One or Four?

Chuck Swiger cswiger at
Sat Feb 18 01:14:04 UTC 2012

On Feb 17, 2012, at 4:10 PM, Robison, Dave wrote:
> On 02/17/2012 15:55, Chuck Swiger wrote:
>> Yes.  It works as intended even when /tmp is part of a single root partition; although mounting /tmp as a RAM- or swap-based tmpfs filesystem might be better for many situations.
> Sure it has its uses, but now you're jumping into new territory where the installer has to either ask the user to create tmpfs or make the decision to do it on its own.

That's right.  I don't advocate using tmpfs for /tmp under all circumstances, but it is a reasonable choice for some situations, and it would be nice if FreeBSD-9's shiny new installer provided am option to set that up.

> As has been stated, this is fine if sufficient RAM is available. Personally I don't like using RAM for tmp.


>>> Making this world-writable bucket part of "/" seems silly both for Desktops and Servers alike.
>> You're welcome to your opinion.  However, I suspect you're expecting FreeBSD systems to always be partitioned and administered by knowledgeable BSD Unix sysadmins, and those are not always so readily available as one might assume.
> I'm not sure why someone has to be knowledgeable to select a particular partitioning scheme.

Um, because a novice user just going with the default partitioning scheme (whatever that might be) or guessing random values isn't likely to achieve better results than someone knowledgeable making an informed decision about how to partition a disk?

> Is it better for a novice to have one big / to fill up as opposed to a separate /var or /tmp?

That doesn't have a single, simple answer.

It may be better to have a single root partition, for which they can notice and understand their disk usage by a single value, compared to having them need to understand df and multiple filesystems mounted as a tree, rather than separate devices (aka Windows disk letters).  :-(

>>> b. A nuisance
>>> As "Da Rock" points out, ... recovering your system from a
>>> file-system-full-event when using "single-/" is just as difficult regardless of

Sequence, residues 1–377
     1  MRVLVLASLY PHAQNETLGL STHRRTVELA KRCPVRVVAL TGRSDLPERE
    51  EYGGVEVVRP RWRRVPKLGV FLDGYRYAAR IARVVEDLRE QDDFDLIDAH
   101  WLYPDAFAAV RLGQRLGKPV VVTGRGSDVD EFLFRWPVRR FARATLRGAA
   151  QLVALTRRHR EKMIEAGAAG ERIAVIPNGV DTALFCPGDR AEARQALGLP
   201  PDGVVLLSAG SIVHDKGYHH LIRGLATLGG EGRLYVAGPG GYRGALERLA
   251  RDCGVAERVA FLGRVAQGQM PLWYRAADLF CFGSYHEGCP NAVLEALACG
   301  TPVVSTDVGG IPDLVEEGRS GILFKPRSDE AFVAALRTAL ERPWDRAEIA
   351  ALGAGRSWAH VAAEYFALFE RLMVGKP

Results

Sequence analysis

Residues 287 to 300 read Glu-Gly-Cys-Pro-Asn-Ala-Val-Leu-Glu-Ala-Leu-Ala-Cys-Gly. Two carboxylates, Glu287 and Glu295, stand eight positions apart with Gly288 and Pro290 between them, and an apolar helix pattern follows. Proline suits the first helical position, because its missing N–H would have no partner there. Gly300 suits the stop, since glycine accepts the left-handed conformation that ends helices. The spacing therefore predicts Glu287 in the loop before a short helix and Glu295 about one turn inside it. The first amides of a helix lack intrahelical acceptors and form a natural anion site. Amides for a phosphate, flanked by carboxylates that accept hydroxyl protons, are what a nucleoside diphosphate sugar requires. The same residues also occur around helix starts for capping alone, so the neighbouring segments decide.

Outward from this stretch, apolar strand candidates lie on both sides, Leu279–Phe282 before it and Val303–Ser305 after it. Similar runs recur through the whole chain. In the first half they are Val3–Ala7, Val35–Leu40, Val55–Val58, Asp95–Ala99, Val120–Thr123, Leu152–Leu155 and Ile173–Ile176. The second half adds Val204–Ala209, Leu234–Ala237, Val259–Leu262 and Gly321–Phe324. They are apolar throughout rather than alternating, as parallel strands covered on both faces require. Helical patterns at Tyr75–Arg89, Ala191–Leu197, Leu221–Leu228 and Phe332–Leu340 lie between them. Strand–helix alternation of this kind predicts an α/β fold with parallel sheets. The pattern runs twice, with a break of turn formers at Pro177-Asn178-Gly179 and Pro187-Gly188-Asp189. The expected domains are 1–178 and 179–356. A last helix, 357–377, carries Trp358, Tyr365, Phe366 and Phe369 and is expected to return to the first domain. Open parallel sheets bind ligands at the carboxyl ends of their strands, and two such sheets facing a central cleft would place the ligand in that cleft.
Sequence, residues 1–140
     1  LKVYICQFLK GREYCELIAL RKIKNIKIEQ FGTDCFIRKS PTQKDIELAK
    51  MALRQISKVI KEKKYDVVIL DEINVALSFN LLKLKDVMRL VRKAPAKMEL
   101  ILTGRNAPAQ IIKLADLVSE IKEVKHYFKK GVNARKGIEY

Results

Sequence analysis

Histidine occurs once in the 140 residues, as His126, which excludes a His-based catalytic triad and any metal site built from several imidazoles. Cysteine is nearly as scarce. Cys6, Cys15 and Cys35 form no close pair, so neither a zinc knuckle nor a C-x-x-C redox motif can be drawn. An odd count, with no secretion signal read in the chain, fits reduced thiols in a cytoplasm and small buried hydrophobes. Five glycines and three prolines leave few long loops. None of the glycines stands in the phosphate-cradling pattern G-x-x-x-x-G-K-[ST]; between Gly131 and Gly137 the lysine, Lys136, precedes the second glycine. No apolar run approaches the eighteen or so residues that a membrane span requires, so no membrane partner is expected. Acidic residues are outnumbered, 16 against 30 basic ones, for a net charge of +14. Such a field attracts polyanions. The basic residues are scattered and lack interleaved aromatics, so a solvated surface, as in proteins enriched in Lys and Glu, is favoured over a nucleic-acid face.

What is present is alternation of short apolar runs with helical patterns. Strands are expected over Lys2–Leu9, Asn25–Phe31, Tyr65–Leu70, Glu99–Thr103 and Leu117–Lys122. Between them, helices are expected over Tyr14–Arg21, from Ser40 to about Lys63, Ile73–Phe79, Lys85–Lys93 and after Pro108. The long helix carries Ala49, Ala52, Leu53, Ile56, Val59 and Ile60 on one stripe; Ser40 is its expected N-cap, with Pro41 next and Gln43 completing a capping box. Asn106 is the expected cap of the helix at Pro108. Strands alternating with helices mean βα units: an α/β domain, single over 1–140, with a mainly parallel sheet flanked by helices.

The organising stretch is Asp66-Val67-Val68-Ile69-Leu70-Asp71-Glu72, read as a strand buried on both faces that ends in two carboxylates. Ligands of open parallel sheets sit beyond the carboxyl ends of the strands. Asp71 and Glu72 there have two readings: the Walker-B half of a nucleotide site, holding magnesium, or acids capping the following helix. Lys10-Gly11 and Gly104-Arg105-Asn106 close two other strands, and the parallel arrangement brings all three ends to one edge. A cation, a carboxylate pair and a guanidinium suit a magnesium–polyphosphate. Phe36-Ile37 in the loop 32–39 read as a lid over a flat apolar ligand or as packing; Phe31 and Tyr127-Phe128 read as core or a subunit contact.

>>> Desktop versus Server. Having "/tmp" alleviates the difficulty.
>> It would if /tmp was mounted on a disk partition, and if it also happened to be where space was being consumed.  /var/log and /home tend to be more likely locations in my experience, but YMMV.
> Actually, in my experience I have huge problems with users misusing /tmp as a holding spot for all manner of files. I like keeping /tmp separate and smallish to discourage its use for everyday transfers. Those things belong in a users home directory, not in /tmp.

It sounds like these users want some kind of shared folder with relatively open permissions, and I've seen plenty of small office / collaborative environments where such a thing would be of value.

>> However, for whatever reasons, the overwhelming majority of folks using MacOS X don't have problems using a single root partition, and while they sometimes do fill up their disks, that's a situation which they should be able to recover from without needing expert assistance.  I don't recall having unusual issues in running a partition out of space under FreeBSD, either, or difficulty fixing things afterwards-- but such doesn't happen very often if you monitor your systems properly, and have time to respond to "low-space" conditions before they turn into "out of space" conditions.
> Previously you said that knowledgeable unix admins aren't as common as might be thought... now you're making the assumption that these same novice users will monitor their systems properly for low-space conditions.

Oh, no-- I don't assume that most users will notice and fix a "low-space" condition beforehand-- I was speaking of what I do, although it hopefully also describes other managed environments.

It doesn't describe what end-user support folks [1] generally have to deal with.

> However this is all superfluous conversation if the installer gives each user a variety of options. You can select your "one big partition" scheme or go with multiple partitions depending on your preference, and from what I've read so far, this seems to be not only a reasonable idea, but also one which many people would prefer.

Having the FreeBSD installer provide a reasonable set of options which include the traditional FreeBSD partition layout and a single root partition would likely be better than the current state.


[1] Apple Retail calls them "geniuses"....

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